Friday, July 19, 2024

‘Robot Dreams’ (2023)

Pablo Berger’s witty, wry Oscar-nominated flick was the best animated feature last year, and that’s not to take away from Hayao Miyazaki’s “The Boy and the Heron.” It was actually an exceptionally strong year for animation that drew from entries that were not Pixar/Disney. Based in the graphic novel by Sara Varon, “Robot Dreams” is a heartfelt portrait of loneliness, connection and loyalty. Our chief protagonist, Dog, exists in an anthropomorphic New York City. People are nowhere to be seen. Dog’s life is pretty insular: He eats mac and cheese in his high-rise, plays video games and one night responds to a TV ad for a robot companion. Ironically – or I should say wittily – the ’bot known as Robot is human in form. On their first bonding experience, Robot shoos away pigeons pestering Dog and the two take the town by storm, like Tom Cruise and Dustin Hoffman in matching gaberdine suits in “Rain Man” (1988). Then there’s a fateful visit to Coney Island that begins with joy and ends with birds using Robot as a roost. The best way to describe the animation and adult tenor of the film would be something akin to “Archer” or “King of the Hill,” but it’s far beyond either, meticulously crafted and each scene imbued with a deeply emotional dialogue even though words are never spoken. It’s a unique sojourn that you might not take seriously from the start, but by the end it will worm its way into your heart. (Tom Meek) Landmark Kendall Square Cinema, 355 Binney St., Cambridge.


‘Inside Out 2’ (2024)

When Pixar released “Inside Out” in 2015, personifying the emotions in the lovably relatable 11-year-old Riley’s head, it was well-received largely because it was unlike anything made before. Joy, Sadness, Disgust, Anger and Fear came to life in characteristic Pixaresque style, with plenty of whimsy to go around. The sequel certainly isn’t better than the original (is it ever?), but it’s still an enjoyable sojourn. Like most franchise films, the success of “Inside Out 2” hinges on its ability to pull on viewers’ nostalgia, which is cheekily acknowledged through the addition of a character: Nostalgia (June Squibb) herself. She’s depicted as a grandmotherly type who comes through the door of the brain control center only to be shooed away by the other characters – Riley isn’t ready for her yet. But we are, which is why “Inside Out 2” works as well as it does nine years after the original. The plot’s simpler and takes place over a shorter period as it follows Riley and her friends Grace (Grace Lu) and Bree (Sumayyah Nuriddin-Green) during a three-day hockey camp. She’s 13 now, with new puberty-fueled emotions: the whirlwind combo of Anxiety (Maya Hawke), Eeyore-like Embarrassment (Paul Walter Hauser), perpetually bored Ennui (Adèle Exarchopoulos), and big-eyed Envy (Ayo Edebiri) join Joy (Amy Poehler), Disgust (Liza Lapira), Sadness (Phyllis Smith), Fear (Tony Hale) and Anger (Lewis Black). These new emotions take over the motherboard as Riley ditches her friends at camp in favor of the cool older girls, including team captain Val Ortiz (Lilimar Hernandez). The plot remains extremely PG, but the intensity with which Riley fixates on Val makes you wonder: If the theme of the second film is puberty, might the theme of the third film be sexuality? Over the three days, Riley’s emotions rise and fall, culminating in a panic attack in the penalty box (hello, anxiety!) that ultimately leads to a telling, yet sweet, reconciliation. If anything, the film could’ve spent more time in Riley’s life than in her brain, but all in all it’s a heartwarming take on the big emotions of early adolescence that sets itself up well for a threequel. (Madeleine Aitken). At Landmark Kendall Square Cinema, 355 Binney St., Cambridge; Apple Cinemas Cambridge, 168 Alewife Brook Parkway, Cambridge Highlands near Alewife and Fresh Pond; and AMC Assembly Row 12, 395 Artisan Way, Assembly Square, Somerville.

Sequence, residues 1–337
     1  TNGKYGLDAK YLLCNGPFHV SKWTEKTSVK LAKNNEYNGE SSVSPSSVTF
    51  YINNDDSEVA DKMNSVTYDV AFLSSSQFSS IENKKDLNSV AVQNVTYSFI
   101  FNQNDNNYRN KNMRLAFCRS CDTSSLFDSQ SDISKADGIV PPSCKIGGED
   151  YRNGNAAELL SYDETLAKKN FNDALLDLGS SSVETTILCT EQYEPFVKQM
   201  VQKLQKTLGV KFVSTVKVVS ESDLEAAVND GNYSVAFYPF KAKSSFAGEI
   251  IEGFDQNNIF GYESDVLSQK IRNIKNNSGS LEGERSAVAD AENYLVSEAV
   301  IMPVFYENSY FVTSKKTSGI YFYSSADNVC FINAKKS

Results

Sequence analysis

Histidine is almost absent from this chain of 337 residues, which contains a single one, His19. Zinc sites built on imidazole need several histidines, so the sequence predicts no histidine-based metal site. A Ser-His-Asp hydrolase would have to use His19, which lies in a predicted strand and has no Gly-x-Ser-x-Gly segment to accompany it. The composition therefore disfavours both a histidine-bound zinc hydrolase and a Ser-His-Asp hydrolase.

‘Remy & Arletta’ (2023)

On “Remy & Arletta,” Micaela Wittman is a triple threat: She wrote a book about her own adolescent experience, turned it into a screenplay, then starred in it as her teenage self, renamed Remy. Clearly, she’s no stranger to introspection, and that pays off here. The film effectively has three characters – Remy, her alcoholic mother (Amy Benedict) and her best friend Arletta (Riley Quinn Scott) – and the relationships feel authentic. The plot is easily digestible with solid pacing, good humor and an excellent soundtrack; where the film slips is its attempt to accomplish too much in an ultra-brief 71-minute run time. The premise is simple: Remy and Arletta have been best friends for years, sharing everything except class, as Remy lives in a motel room with her controlling, abusive mother and Arletta lives in a big house with a backyard pool. The story gets complicated when, after Remy and Arletta kiss for some boys they’re video chatting with online, Arletta reveals that her feelings for Remy go deeper than friendship. This is hinted at earlier, but waiting until the 56-minute mark to reveal it fully does the film a disservice. With only 15 minutes left to wrap things up, the ending feels rushed, even though the depiction of the blurred line between intimate female friendships and something more is just about perfect until that point. It’s still a solid coming-of-age film with the usual insurmountable angst and big feelings plus an especially good performance by Scott, who mastered her lovable girl-next-door character. But I was left thinking, “That’s it?” (Madeleine Aitken) On Amazon Prime.